Office Hours: All Those Errors in the Bible, Part 3
Nathan and the professor finish up their conversation by discussing the best way to go about understanding things in the Bible that may seem inconsistent.
“All right,” I said to Nathan, “but your final example isn’t really any harder than the others.”
“It looks pretty tough to me,” he replied. “Like we were saying, in one place the Bible says that the righteous flourish in the courts of God, but in another it says that they perish and that no one understands. The Bible can’t even keep straight whether they flourish or they perish. You can’t have it both ways. Which is it?”
“Which way was it for Jesus?” I asked him.
He gave me a puzzled look. “What?”
“For Jesus,” I repeated. “Wouldn’t you say He was righteous?”
“Ye-es. Crazy, maybe, thinking He was the Son of God. But yes, I’d say He was righteous.”
“So what happened to Him?”
“He perished. He was crucified.”
“What happened then?”
“The story says that He rose again, but I don’t believe it.”
“We’re not discussing whether you believe it. The only question on the table is whether or not it’s consistent. Doesn’t the story say that He died and that His death was not understood?”
“Doesn’t the same story say He rose again, He ascended into heaven and He is seated at the right hand of the Father?”
“Wouldn’t you say that someone who is seated at the right hand of the Father is flourishing in the courts of God?
“I guess I’d have to.”
“Very well, then. According to the story, this model for all of the righteous perished and yet flourishes in the courts of God. Whether or not you think these claims are true, aren’t they logically consistent?”Theophilus might also have called attention to the rest of the passage about the righteous perishing while no one understands: “For the righteous man is taken away from calamity, he enters into peace; they rest in their beds who walk in their uprightness.” (Isaiah 57:1b-2; all scriptural quotations RSV). Or he might have quoted the psalm that Christ began reciting on the Cross. At the beginning the Psalmist cries, “My God, my God, why hast thou forsaken me? Why art thou so far from helping me, from the words of my groaning?” But at the end he declares, “he has not hid his face from him, but has heard, when he cried to him … men shall tell of the Lord to the coming generation, and proclaim his deliverance to a people yet unborn, that he has wrought it.” (Psalm 22:1,24,30b-31.)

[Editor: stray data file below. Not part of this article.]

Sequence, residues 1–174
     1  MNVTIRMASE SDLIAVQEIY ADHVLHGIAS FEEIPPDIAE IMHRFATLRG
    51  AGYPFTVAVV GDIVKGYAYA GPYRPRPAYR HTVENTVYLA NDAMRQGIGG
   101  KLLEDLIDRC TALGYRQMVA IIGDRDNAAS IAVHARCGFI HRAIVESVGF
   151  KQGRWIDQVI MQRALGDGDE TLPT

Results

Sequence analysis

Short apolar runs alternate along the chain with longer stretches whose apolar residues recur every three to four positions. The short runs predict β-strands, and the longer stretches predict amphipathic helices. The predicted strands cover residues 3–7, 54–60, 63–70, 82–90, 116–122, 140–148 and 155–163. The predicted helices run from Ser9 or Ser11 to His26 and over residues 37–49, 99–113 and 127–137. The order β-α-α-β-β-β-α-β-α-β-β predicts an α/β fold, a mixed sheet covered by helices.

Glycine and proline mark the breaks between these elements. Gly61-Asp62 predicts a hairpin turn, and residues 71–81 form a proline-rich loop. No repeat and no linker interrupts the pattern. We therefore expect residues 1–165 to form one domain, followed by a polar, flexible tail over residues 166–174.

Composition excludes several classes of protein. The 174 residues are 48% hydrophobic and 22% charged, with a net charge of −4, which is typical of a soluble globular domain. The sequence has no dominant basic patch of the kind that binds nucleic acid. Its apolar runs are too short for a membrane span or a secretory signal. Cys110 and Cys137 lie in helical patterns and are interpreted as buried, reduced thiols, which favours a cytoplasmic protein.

He looked uncomfortable. “Yes.”
“Then your final example of biblical inconsistency suffers the same fate as the others.”
Downcast, Nathan sighed. For a few moments neither of us spoke. “You make reading the Bible so hard.”
I laughed. “You said that once before.”
“But it’s true. I don’t get how you do it at all. How do you — I mean … ” His voice tapered off into silence.
“How do I read it? Is that the dreadful ‘different kind of question’ you were threatening to ask me?”
He looked up. “Yeah. You don’t read it like I read a book.”
“Maybe that’s part of the problem.”
“What do you mean?”